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Welcome to the Encyclopedia of Science Fiction, Fourth Edition. Some sample entries appear below. Click here for the Introduction; here for the masthead; here for Acknowledgments; here for the FAQ; here for advice on citations. Find entries via the search box above (more details here) or browse the menu categories in the grey bar at the top of this page.

Site updated on 24 January 2022
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Omega

Hungarian prog-rock band, reputedly the most successful rock act in Hungarian history. Their international success owes something to their habit of releasing both Hungarian- and English-language versions of their studio albums; although the heavily accented and sometimes unidiomatic vocal expression on the latter detract from the effectiveness of the whole. Időrabló (1976), re-recorded in English and released as Time Robber (1977) touches, in its lengthy opening track, on Time ...

Ōhara Mariko

(1959-    ) Japanese author whose characterization of her own later work as Widescreen Baroque aptly summarizes its poetic whimsy and operatic breadth. However, she has been more influential as a writer on matters of Feminism and Transgender SF, particularly in several Cyberpunk-era speculations on gender ambiguity. Many of her characters are vehicles of constant and exponential consumption, a severe critique of the dangers of hyper-capitalism. As one of the most prominent ...

Emms, William

(1930-1993) UK teacher and occasional television scriptwriter responsible (among other work) for "Galaxy Four", a four-part Doctor Who television story in 1965 which does not take place in Galaxy Four. The original script was published as Doctor Who: The Scripts: Galaxy Four (1994), and novelized by Emms as Doctor Who: Galaxy Four (1985); the plot, featuring downed Spaceships and at least two Alien species, is as close to conventional Space Opera as Doctor Who normally gets. [JC]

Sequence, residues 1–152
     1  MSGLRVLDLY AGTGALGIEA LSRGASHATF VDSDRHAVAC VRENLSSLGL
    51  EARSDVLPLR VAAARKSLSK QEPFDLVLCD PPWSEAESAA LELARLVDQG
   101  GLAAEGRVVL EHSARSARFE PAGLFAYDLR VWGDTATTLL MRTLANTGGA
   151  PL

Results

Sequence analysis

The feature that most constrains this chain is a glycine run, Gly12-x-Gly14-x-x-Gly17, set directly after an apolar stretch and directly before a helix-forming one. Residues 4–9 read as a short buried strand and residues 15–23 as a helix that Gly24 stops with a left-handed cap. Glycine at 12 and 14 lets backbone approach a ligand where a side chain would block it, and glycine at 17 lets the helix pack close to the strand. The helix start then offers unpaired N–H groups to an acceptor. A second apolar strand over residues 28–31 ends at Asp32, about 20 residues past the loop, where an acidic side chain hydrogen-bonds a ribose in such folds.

Cross, Victoria

Pseudonym of India-born UK author Annie Sophie Cory (1868-1952) – also known as Vivian Cross; she was the sister of Adela Florence Nicolson (1875-1904) who wrote as Laurence Hope; early in her career, she was briefly notorious for The Woman Who Didn't (1895), written in response to Grant Allen's The Woman Who Did (1895). Her only known sf is Martha Brown, M.P.: A Girl of To-morrow (1935), which depicts relationships in a Utopian thirtieth-century UK ruled by women: unemployment, war and ...

Cross, Malcolm

(?   -    ) UK author whose Dangerous Jade (2012) is set in an Equipoisal fantasy-themed City full of anthropomorphic Clones. Orbital Decay (2014 ebook) is a contribution to the publisher's Shared World Afterblight Chronicles series. He is also of sf interest for his contribution to the Extinction Biome sequence, the first volume of which, Invasion (2016) as by Addison Gunn, was written in collaboration with Anne Tibbets, who see for any continuations. The ...

Nicholls, Peter

(1939-2018) Australian editor and author, primarily a critic and historian of sf through his creation and editing of The Encyclopedia of Science Fiction [see below]; resident in the UK 1970-1988, in Australia from 1988; worked as an academic in English literature (1962-1968, 1971-1977), scripted television documentaries, was a Harkness Fellow in Film-making (1968-1970) in the USA, worked as a publisher's editor (1982-1983), often broadcast film and book reviews on BBC Radio from 1974 and ...



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